Main content area

Dissolved organic matter and estrogen interactions regulate estrogen removal in the aqueous environment: A review

Ma, Li, Yates, Scott R.
The Science of the total environment 2018 v.640-641 pp. 529-542
binding capacity, biodegradation, carbon, dissolved organic matter, estrogens, hydrogen bonding, hydrophobicity, moieties, nutritional status, particulates, photolysis, photosensitizing agents, sediments, soil, sorbents, sorption, surface area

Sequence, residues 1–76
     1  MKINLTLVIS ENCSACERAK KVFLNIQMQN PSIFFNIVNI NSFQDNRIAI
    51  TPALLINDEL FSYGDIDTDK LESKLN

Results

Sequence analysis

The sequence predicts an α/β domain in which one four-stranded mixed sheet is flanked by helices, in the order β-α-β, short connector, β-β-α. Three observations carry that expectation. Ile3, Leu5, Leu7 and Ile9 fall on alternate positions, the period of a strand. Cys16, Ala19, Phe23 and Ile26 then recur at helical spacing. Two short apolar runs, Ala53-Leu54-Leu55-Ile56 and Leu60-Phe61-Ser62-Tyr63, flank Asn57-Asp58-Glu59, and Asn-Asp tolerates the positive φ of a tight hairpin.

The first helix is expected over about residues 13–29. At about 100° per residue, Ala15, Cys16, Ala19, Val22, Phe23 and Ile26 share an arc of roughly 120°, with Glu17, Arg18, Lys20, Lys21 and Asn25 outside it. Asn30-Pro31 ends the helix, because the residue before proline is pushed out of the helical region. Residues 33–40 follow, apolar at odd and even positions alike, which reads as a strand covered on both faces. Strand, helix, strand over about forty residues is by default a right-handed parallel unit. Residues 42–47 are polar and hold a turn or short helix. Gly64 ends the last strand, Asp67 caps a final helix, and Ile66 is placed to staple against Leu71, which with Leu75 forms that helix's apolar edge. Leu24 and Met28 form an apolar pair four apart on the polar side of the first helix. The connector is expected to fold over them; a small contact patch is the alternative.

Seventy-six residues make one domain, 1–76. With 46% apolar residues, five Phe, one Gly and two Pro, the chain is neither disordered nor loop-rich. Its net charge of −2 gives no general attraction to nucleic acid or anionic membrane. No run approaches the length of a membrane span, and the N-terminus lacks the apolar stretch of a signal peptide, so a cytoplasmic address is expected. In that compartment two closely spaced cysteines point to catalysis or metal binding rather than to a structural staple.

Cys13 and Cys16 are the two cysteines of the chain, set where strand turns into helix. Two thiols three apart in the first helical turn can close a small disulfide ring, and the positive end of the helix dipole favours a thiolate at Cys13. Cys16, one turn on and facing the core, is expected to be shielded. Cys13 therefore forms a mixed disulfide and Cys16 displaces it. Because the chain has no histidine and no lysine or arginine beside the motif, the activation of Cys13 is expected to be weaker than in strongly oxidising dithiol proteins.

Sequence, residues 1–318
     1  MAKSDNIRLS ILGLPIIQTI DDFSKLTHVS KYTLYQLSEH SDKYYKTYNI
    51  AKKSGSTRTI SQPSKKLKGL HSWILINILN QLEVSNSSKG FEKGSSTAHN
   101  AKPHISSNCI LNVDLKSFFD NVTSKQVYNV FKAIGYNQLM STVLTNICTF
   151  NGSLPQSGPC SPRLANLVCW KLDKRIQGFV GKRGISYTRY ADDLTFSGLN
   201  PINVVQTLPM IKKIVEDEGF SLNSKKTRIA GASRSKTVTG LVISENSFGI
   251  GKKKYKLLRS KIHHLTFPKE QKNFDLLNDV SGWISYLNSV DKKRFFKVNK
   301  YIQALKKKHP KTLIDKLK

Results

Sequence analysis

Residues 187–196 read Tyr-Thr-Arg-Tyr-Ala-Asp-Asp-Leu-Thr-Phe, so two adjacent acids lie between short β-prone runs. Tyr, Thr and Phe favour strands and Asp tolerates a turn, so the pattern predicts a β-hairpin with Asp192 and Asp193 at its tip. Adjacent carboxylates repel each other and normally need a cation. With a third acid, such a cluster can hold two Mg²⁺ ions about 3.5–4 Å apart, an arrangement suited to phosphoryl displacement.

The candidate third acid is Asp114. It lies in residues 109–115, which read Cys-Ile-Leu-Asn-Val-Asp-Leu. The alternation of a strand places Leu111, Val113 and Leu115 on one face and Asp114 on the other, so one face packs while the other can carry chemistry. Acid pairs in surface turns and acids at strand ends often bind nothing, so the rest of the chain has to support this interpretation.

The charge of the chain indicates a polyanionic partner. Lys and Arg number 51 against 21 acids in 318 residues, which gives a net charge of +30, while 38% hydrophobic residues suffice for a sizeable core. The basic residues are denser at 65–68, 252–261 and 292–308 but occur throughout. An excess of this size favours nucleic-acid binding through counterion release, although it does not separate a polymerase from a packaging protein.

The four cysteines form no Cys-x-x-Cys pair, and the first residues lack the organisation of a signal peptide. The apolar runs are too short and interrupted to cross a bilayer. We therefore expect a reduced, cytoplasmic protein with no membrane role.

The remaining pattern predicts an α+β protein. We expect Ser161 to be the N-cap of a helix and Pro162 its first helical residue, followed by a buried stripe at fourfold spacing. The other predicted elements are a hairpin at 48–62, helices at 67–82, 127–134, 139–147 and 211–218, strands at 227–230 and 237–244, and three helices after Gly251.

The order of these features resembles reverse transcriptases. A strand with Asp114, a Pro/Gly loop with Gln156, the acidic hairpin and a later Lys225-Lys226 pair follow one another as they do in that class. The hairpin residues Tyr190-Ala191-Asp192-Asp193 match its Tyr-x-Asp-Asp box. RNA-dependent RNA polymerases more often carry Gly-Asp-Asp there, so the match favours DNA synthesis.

This review summarizes the characterization and quantification of interactions between dissolved organic matter (DOM) and estrogens as well as the effects of DOM on aquatic estrogen removal. DOM interacts with estrogens via binding or sorption mechanisms like π-π interaction and hydrogen bonding. The binding affinity is evaluated in terms of organic-carbon-normalized sorption coefficient (Log KOC) which varies with types and composition of DOM. DOM has been suggested to be a more efficient sorbent compared with other matrices, such as suspended particulate matter, sediment and soil; likely associated with its large surface area and concentrated carbon content. As a photosensitizer, DOM enhanced estrogen photodegradation when the concentration of DOM was below a threshold value, and when above, the acceleration effect was not observed. DOM played a dual role in affecting biodegradation of estrogens depending on the recalcitrance of the DOM and the nutrition status of the degraders. DOM also acted as an electron shuttle (redox mediator) mediating the degradation of estrogens. DOM hindered enzyme-catalyzed removal of estrogens while enhanced their transformation during the simultaneous photo-enzymatic process. Membrane rejection of estrogens was pronounced for hydrophobic DOM with high aromaticity and phenolic moiety content. Elimination of estrogens via photolysis, biodegradation, enzymolysis and membrane rejection in the presence of DOM is initiated by sorption, accentuating the role of DOM as a mediator in regulating aquatic estrogen removal.